So was it any surprise that the latest major PR narrative developed by his Sun Tzu-wielding strategists was to showcase his command of Mandarin to Chinese millennials? In learning an entirely new language to court his company’s largest unpenetrated market, Zuck proved he‘s not only the ultimate citizen of Babel…




    He’s officially the mayor.

    But his is a conditional kingdom. To keep the market happy, Zuck has to mine Facebook for everything byte of value it has. Which, in the current social network paradigm of text-based programming, means:

    Developing the most aggressive artificial intelligence (deep artificial neural nets) and proxy agents to track and tag our behavioral patterns while accurately projecting, and guiding, future impulses.

    Search and social network data scientists succeed by fragmenting and classifying us as individuals. They are the high priests of demographics and psychographics. But when their algorithms use our language to predict and direct our behavior before we, ourselves, have consciously made those choices, they cross the line into the zone of social engineering.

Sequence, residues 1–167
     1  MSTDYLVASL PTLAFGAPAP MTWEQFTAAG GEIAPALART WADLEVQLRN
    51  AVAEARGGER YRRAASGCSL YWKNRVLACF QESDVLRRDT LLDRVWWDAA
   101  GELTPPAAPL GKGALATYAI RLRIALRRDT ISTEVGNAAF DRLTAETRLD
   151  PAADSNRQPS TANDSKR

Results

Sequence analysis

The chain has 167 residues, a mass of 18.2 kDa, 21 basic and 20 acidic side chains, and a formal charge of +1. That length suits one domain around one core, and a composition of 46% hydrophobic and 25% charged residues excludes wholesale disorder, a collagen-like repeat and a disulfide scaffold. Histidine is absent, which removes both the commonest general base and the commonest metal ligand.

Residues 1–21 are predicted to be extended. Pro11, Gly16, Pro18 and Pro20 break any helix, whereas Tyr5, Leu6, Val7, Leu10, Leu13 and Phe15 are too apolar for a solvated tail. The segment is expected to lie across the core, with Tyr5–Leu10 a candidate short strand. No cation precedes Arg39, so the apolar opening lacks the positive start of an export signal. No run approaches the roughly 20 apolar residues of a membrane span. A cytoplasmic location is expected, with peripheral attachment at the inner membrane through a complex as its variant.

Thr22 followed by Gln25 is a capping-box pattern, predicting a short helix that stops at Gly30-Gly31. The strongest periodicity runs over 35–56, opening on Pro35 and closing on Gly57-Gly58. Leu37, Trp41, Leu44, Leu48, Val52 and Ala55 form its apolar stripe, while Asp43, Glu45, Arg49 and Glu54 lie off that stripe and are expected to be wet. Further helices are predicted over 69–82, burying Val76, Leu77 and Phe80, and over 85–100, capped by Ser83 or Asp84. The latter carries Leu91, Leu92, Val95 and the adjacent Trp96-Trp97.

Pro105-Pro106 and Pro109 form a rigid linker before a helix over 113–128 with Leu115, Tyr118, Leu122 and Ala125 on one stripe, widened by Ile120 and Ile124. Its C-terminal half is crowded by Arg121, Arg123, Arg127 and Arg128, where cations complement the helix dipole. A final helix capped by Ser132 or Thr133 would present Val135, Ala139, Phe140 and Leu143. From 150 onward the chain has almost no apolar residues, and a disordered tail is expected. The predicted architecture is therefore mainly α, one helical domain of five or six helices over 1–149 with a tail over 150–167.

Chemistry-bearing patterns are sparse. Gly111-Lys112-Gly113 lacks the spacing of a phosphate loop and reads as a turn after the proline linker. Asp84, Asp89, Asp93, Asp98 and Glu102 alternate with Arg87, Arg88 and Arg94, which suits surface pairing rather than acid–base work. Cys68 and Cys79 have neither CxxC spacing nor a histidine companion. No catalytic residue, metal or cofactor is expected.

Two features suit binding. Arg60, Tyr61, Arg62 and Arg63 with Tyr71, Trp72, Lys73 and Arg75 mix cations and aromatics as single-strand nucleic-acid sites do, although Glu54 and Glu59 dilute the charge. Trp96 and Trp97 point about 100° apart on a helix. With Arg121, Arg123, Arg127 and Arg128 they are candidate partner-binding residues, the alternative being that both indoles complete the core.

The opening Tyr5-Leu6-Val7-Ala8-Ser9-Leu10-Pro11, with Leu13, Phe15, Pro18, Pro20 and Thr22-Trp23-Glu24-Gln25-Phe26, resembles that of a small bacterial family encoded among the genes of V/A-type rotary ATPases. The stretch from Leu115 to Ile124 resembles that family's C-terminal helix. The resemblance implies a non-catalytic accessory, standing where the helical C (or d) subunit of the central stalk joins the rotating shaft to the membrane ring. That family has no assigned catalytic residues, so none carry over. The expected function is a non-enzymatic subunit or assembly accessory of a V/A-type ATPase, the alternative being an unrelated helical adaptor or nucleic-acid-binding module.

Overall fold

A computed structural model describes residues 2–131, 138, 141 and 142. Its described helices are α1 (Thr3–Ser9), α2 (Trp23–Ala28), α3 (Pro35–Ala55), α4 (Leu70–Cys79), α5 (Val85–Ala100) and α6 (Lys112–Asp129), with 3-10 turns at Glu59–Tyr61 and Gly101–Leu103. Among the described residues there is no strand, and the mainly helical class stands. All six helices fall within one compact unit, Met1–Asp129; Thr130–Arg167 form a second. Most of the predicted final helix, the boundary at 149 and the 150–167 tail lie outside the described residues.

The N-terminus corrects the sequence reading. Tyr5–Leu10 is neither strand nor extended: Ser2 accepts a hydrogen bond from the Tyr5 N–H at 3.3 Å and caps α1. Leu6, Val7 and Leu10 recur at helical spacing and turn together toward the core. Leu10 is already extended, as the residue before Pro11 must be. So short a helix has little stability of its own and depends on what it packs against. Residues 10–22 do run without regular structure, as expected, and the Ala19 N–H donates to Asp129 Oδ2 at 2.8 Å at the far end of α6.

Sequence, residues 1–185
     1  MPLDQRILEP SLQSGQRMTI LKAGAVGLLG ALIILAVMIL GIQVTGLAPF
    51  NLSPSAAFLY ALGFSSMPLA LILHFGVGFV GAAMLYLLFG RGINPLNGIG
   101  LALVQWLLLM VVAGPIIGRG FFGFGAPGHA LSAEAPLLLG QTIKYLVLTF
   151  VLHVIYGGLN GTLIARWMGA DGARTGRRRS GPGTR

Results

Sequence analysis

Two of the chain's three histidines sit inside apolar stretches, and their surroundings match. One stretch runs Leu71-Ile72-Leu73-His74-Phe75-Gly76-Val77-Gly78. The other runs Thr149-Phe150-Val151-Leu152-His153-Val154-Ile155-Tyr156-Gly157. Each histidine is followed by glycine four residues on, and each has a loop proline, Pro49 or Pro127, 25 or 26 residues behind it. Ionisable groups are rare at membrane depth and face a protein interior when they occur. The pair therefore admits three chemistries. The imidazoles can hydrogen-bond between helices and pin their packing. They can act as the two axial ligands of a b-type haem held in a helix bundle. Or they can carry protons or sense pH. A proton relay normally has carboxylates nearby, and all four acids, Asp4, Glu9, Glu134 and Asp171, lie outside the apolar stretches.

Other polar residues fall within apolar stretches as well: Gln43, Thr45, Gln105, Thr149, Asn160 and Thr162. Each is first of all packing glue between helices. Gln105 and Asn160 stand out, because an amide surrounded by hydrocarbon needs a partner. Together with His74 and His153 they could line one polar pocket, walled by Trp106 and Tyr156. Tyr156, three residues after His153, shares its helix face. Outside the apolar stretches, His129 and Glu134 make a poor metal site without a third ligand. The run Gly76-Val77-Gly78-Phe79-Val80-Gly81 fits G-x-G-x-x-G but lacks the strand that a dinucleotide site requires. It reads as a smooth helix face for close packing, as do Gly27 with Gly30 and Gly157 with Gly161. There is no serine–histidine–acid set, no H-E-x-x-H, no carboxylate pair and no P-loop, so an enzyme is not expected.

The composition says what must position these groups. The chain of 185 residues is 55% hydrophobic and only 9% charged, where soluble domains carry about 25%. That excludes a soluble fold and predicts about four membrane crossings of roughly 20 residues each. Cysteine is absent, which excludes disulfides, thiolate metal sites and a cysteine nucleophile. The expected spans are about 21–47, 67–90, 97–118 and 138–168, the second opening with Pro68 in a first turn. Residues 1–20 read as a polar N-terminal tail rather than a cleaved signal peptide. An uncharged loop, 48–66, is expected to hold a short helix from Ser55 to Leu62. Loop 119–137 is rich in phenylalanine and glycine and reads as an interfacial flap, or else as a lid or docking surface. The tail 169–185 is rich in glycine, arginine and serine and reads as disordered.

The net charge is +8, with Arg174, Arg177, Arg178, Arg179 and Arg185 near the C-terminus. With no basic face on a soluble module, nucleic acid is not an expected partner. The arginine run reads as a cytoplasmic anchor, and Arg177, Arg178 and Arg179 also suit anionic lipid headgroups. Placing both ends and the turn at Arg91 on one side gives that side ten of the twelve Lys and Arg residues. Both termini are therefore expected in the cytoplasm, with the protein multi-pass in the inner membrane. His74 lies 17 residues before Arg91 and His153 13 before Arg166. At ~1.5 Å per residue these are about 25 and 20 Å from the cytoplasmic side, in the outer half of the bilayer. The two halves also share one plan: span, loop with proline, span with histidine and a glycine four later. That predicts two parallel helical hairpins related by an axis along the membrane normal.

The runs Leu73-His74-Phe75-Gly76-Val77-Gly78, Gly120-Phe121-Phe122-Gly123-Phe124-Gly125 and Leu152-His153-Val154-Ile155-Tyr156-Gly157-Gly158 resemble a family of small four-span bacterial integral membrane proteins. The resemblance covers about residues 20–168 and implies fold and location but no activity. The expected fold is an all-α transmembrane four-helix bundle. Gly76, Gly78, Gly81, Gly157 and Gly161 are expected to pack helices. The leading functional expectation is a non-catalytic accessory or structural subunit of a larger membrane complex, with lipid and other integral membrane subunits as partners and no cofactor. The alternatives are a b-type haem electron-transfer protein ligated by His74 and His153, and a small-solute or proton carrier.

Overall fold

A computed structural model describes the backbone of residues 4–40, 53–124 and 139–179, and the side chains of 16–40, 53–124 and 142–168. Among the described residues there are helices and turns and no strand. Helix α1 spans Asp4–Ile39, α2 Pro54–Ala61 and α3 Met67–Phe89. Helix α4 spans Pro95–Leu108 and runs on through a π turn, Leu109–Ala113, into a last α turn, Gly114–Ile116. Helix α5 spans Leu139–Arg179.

With the accelerated development of computational technology that can process and analyze big data in unprecedented ways, this poses a heavy existential threat to human civilization. Because even if the current social networks have the best intentions for their communities, billions of dollars have been marked against the economies generated by mining and exploiting that data.

    And any diversion from those objectives would be ruthlessly punished by the market. This isn’t conspiracy theory, it’s market theory… 101.

    The tragic end of this story could well be of a group of brilliant technologists forced into a Faustian deal that ultimately takes the global communication platform once envisioned as evolutionary tech for our species and hijacking it for a myopic, profit-driven end-game.

    In short, like old Testament gods, their baser instincts could lead them to fuck with the natural order of things. Another civilizational hack.

    Which brings me back to the Bible.

    | a prophecy |

    There’s a little-known corollary to the Tower of Babel story. It comes at the other end of the Bible… thousands of years later, in the New Testament. Taking the form of a prophecy: